I want to be a gypsy. A what? A gypsy? Yes, you read that correctly. A traveler. A nomad. A wanderer.
A carnie. A person who doesn’t settle in one place for the rest of their lives. Are you serious? Obviously. What the hell is a gypsy, anyway? Esmeralda from The Hunchback of Notre Dame? No! Not her. Well, sort of like her. Physically, I don’t look like her. I don’t have the dark complexion. I normally don’t go around carrying a tambourine without shoes on. I don’t tell fortunes. Nor do I have a pet goat. (But I sure would be willing to adopt one.) But mentally, we are similar. So while seven-year-old Jamie would have chosen to be the Sleeping Beauty princess (or any of the blonde ones), the almost twenty-three (holy shit! I’m getting old) year-old Jamie wants to be Esmeralda.
I have mentioned sporadically throughout different posts about the “gypsy gene.” But what is it exactly?
The name should say it all: Someone who travels with a group of people and lives off by whatever work comes their way.
This mindset appeals to me for a myriad of reasons. I need to see the world. I don’t like the idea of settling in one place forever. Traveling is good for a person*. I need to see the world. Oh, did I already say that?
Where did I get this so-called gene? Where I get everything else, of course: my mother.
We are all cursed with certain traits that our parents have inevitably passed down to us. When I am habitually five minutes late for everything, I blame it on my mom. While all the kids were getting picked up on time from school and/or camp, I was usually the last one, crying, wondering why my mom forgot about me. When the opposite sex learns that I have never made homemade mashed potatoes, I blame it on my mom. When I have a break out on my face, I can blame it on the oily skin gene.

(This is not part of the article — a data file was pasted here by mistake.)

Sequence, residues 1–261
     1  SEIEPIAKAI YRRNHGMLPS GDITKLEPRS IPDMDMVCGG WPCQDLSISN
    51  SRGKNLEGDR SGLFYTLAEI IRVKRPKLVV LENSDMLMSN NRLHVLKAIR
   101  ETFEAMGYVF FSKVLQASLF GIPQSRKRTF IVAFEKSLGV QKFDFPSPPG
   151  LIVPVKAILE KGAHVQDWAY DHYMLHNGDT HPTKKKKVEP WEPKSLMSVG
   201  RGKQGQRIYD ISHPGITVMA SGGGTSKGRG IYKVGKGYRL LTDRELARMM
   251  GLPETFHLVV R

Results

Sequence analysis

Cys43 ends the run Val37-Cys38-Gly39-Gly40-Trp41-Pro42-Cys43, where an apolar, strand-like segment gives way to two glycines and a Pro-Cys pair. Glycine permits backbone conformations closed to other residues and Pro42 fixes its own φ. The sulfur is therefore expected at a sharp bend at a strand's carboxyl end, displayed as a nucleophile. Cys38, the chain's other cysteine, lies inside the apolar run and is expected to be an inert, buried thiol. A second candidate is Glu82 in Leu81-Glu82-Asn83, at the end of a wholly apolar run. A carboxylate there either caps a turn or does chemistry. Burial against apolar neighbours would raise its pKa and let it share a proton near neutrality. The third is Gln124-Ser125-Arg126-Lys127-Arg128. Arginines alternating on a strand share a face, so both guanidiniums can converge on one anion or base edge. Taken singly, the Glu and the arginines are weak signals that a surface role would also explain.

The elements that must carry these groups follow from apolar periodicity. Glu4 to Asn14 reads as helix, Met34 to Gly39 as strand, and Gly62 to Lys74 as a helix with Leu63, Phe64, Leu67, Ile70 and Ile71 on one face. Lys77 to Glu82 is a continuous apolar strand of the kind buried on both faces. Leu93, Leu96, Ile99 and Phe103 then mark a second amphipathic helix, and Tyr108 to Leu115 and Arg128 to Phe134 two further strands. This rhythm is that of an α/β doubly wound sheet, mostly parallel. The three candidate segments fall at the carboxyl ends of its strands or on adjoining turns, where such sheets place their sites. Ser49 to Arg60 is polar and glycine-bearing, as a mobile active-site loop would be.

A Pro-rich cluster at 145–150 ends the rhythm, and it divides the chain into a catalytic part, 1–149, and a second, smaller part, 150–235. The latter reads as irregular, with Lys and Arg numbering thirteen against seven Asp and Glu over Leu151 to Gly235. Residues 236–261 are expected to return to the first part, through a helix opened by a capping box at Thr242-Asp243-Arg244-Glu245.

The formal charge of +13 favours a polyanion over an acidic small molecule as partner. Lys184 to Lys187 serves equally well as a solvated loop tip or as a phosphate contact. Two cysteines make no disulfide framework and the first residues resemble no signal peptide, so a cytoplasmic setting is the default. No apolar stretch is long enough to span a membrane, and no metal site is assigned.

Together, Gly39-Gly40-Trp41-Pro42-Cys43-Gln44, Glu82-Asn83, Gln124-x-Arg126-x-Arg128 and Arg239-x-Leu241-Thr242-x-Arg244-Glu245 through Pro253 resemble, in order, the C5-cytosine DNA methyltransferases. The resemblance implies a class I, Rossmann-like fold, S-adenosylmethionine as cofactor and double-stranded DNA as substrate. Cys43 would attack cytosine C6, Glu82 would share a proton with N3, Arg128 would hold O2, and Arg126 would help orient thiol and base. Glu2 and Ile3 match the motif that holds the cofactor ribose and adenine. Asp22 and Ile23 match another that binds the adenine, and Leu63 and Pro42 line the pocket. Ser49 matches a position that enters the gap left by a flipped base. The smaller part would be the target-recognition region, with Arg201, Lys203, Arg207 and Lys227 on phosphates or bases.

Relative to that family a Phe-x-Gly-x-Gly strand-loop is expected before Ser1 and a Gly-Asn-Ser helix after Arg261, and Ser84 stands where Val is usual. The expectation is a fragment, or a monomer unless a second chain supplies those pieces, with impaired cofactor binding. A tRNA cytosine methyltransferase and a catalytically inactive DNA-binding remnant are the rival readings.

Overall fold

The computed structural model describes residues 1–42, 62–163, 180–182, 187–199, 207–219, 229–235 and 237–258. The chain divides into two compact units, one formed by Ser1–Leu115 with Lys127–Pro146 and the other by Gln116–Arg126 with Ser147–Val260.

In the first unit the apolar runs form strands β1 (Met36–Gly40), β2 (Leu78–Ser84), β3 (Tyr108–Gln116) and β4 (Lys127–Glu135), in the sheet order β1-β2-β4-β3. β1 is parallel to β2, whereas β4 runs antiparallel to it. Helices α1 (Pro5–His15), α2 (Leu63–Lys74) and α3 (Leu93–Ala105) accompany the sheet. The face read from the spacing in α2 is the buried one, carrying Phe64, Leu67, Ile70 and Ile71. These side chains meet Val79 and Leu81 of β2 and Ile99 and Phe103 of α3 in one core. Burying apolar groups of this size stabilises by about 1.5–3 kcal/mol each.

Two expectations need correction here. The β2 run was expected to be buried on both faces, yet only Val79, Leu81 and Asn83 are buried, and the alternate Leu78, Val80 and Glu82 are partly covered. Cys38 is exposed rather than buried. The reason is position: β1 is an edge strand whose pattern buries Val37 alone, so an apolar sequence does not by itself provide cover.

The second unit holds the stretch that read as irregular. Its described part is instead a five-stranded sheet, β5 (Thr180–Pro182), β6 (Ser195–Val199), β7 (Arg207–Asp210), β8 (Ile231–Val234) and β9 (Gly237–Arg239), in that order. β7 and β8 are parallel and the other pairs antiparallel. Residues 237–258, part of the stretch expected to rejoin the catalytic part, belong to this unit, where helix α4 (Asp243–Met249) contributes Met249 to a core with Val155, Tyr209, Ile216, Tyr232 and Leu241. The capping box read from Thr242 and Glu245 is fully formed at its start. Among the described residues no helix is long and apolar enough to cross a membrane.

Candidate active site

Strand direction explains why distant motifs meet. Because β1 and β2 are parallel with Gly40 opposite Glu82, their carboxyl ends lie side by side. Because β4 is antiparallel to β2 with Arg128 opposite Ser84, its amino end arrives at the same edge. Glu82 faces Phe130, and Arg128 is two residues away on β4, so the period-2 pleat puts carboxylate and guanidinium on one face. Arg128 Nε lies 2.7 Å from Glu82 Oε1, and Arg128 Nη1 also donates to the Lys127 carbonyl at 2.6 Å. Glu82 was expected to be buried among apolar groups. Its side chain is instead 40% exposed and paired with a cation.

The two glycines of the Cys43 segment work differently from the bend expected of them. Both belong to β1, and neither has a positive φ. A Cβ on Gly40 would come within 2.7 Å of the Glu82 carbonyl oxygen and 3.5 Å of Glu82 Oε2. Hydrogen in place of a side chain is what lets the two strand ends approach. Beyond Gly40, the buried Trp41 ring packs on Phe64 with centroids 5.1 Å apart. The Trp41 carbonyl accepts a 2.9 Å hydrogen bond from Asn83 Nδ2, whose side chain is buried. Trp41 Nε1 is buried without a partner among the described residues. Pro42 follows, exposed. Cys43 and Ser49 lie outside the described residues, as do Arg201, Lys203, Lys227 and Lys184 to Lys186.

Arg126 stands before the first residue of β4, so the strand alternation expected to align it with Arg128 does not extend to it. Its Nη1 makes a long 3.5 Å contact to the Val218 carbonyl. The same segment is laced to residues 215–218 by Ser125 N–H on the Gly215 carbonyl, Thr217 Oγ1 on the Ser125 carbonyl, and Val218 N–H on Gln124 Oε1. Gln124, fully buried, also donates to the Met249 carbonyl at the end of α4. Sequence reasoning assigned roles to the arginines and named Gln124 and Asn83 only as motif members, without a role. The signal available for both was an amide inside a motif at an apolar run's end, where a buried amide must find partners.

However, I can’t say I have been cursed with all bad traits. I have an open mind. I am independent. (Even my senior class in high school knew that.) I have a good sense of humor. (I think.) And of course, the most important one: the gypsy gene.
My mother is an immigrant from Germany. She grew up in the northeast, mainly Massachusetts. Left home as soon as she could to head out west to San Francisco. (Gee, wherever did I get the idea?!) Eventually headed to the Tampa Bay area where she has been since. She, too, needs to explore. Her means of touring the world: by boat.
But what is it like to have such a gene? A gene that makes us want to venture out into the world? It’s both a blessing and a curse.
I have been in Portland for over a month, and am already thinking where I want to go next. I’m not ready to settle. I just want to somehow pick a spot on the map, stay there for six months, and move on to the next. It almost saddens me when I think that there are places in the world that I will never get to see because a) I’m not wealthy and b) I’ll probably never have the time.
The good thing is that I have already done the hard part: move to a city across the country, alone. Mentally, I know that if I really wanted to be in England (or wherever) by next year, I could do it. The want outweighs the fear enormously. Monetarily, it could be a different story.
This is what it’s like.
But then again, it’s my fantasy. I’m a hopeless romantic, and I am simply in love with the idea of being a traveler. Realistically, I have two cats, and they’re more like kids than one would think. I would probably be miserable doing whatever work I could find. I know that I am too much of a dreamer, and I’m just romanticizing the idea of never settling down.
Besides, I’m just getting used to Portland.